The previous two podcasts were about my heritage music, gospel and blues. This third one features some of the work I do using the computer and effects. All the music in this series is written and performed by me, Victoria Gibson, and I have imposed the limitation that I be able to perform it in a live solo concert. I am playing with a computer in one of these examples, but I still count it as a solo work.
The title, “Echoes of You Far Away” comes from the memories of the interesting people that I spent time with this summer who are far away now. The style is a recollection of the naturally echoing space called “The Cistern Chapel” that I speak about in the podcast audio.
In May, I met Pauline Oliveros, Stuart Dempster and David Gamper, the trio known as The Deep Listening Band, in Port Townsend. This ensemble first recorded in the cistern 20 years ago and many sound artists have followed them down the narrow entrance to experience the 45 second reverb since then. My mission was to document the 20 year anniversary return of the Deep Listening Band to The Cistern Chapel located nearby in Fort Worden with video and photos and to assist with the audio recording.
I journeyed to the location on my Yamaha FJ1200 motorcycle loaded down with all the required gear.
The video and photos that were taken of the band may be released by The Deep Listening Institute as a DVD or on their website, but I am giving a preview of the photos I took of the Cistern Chapel. I do not include any photos of the band as some of them may be used in the commercial release and we have not finalized the details. The audio was recorded by Jonas Braasch, a colleague of Pauline’s from Rensselaer Polytechnic Institute, School of Architecture, Architectural Acoustics Program who is a fine saxophone player. The audio of my experiments was recorded by me using my Zoom H4.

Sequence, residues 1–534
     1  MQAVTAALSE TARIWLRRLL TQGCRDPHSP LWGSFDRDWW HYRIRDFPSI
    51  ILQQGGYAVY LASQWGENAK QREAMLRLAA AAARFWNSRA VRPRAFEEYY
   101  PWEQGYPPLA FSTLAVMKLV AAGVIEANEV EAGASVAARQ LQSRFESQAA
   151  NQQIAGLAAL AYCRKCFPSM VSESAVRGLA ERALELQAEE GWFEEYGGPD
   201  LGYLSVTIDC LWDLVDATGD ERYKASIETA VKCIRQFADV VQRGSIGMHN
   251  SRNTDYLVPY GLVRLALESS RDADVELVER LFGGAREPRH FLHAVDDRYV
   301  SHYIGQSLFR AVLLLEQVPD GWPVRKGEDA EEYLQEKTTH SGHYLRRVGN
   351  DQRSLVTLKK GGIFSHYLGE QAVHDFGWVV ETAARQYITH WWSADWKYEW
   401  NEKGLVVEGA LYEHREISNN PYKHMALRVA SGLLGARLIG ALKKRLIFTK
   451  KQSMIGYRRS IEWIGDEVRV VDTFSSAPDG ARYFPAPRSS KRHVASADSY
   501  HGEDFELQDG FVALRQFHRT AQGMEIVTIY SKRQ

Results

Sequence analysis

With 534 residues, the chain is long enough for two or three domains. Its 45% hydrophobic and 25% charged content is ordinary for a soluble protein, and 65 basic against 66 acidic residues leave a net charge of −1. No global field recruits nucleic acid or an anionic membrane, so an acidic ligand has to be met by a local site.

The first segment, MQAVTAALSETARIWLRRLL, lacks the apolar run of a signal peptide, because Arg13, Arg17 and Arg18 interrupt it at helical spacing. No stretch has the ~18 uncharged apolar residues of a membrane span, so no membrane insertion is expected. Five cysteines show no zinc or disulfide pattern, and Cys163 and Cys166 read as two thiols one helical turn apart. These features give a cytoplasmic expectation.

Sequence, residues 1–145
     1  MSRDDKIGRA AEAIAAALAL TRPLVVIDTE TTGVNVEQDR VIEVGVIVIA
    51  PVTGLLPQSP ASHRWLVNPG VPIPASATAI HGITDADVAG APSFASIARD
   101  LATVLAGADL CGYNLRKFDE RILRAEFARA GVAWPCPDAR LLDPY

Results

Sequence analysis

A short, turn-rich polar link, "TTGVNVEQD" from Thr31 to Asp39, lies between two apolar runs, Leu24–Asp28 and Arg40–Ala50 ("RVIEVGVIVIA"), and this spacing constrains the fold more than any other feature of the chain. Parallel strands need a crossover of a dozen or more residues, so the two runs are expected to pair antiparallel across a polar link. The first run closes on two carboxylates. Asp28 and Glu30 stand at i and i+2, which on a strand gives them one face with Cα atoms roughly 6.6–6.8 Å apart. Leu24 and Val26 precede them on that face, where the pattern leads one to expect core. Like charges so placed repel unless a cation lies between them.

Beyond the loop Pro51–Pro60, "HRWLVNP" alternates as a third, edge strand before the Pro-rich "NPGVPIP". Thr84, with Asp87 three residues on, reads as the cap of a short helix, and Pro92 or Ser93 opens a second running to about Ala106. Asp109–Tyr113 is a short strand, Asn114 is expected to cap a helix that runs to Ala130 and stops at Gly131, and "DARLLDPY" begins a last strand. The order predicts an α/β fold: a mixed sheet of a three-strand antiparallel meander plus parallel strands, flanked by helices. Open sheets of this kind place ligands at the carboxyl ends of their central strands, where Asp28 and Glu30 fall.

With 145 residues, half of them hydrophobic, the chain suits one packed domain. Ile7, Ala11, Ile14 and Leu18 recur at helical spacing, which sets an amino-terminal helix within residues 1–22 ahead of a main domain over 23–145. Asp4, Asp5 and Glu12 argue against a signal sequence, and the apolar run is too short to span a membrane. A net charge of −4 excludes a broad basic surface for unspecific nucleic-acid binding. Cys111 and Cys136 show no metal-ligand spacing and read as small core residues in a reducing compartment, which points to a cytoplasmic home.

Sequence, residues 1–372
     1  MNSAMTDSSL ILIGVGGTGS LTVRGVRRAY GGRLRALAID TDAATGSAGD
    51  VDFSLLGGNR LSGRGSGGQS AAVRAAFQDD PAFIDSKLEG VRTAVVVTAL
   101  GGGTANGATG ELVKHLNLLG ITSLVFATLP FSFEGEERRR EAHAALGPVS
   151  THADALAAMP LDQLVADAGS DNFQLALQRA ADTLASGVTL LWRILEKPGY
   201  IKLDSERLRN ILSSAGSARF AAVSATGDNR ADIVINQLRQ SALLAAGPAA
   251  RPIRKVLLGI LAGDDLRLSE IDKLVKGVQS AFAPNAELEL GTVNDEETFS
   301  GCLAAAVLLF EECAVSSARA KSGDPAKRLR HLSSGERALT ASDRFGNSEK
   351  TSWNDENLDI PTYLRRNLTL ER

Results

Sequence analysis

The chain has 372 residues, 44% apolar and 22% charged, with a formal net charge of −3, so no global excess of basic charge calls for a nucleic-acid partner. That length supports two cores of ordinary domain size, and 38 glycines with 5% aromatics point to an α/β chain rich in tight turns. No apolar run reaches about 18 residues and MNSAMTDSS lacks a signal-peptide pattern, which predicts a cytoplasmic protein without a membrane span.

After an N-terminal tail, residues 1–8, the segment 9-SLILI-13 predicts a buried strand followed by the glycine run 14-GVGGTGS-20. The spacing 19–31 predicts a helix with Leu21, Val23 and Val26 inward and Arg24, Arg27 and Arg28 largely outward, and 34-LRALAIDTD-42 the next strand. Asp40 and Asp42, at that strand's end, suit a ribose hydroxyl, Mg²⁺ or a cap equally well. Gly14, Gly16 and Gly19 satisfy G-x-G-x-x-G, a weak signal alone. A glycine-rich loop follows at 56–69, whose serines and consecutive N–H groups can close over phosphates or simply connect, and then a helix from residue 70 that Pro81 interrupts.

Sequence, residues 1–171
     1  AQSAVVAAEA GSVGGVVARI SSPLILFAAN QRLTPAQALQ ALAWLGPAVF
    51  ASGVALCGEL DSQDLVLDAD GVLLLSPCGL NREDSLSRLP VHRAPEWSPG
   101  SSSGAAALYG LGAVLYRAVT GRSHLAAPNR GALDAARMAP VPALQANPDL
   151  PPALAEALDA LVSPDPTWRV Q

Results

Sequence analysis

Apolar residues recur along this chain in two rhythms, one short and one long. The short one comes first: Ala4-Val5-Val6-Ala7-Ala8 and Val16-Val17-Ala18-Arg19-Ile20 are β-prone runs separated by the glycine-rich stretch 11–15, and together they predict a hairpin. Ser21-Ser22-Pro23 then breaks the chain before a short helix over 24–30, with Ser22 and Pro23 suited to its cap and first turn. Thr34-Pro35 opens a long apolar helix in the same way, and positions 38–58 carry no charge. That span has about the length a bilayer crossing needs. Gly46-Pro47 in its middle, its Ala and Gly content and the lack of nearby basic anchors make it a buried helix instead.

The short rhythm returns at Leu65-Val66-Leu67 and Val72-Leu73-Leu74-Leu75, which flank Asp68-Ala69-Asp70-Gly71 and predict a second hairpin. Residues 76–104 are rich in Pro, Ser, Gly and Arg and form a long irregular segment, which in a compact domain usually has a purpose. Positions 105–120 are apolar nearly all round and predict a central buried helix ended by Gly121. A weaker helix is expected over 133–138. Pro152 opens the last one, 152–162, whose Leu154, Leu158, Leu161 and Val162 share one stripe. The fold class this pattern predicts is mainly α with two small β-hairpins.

This slideshow gallery includes photos of my trip and some of the cistern itself. It was very dark under the ground and the feeling in the place was unique.
The inspiration that I have received from the time I was able to spend in Banff cannot be over-rated. It was a complete coincidence that I was acting as video and photographic documentary support to composer Pauline Oliveros during the first Roots and Rhizomes: Percussion Residency with Steven Schick. My discussions with the percussionists who were participating in the educational opportunity and the instructors encouraged me to complete a draft of the work for percussion quartet that I have been working on since 2003.
Pauline Oliveros was particularly inspirational to me in so many ways. Her example, as composer of “Meditation on a Single Stroke Roll”, and her advice to me in writing instructional notation were invaluable.
Hearing the very high level performances and experiencing both the excellence of traditional works and the innovation of American composer Mark Applebaum were part of the experience. Mark Applebaum is a serious composer who included a movement in his composition that had the percussionists drawing shapes with black markers on large easels. The resulting sound were amplified to create the percussive sounds of the piece. He is so imaginative to have injected such humour and wit into the intelligence of his work.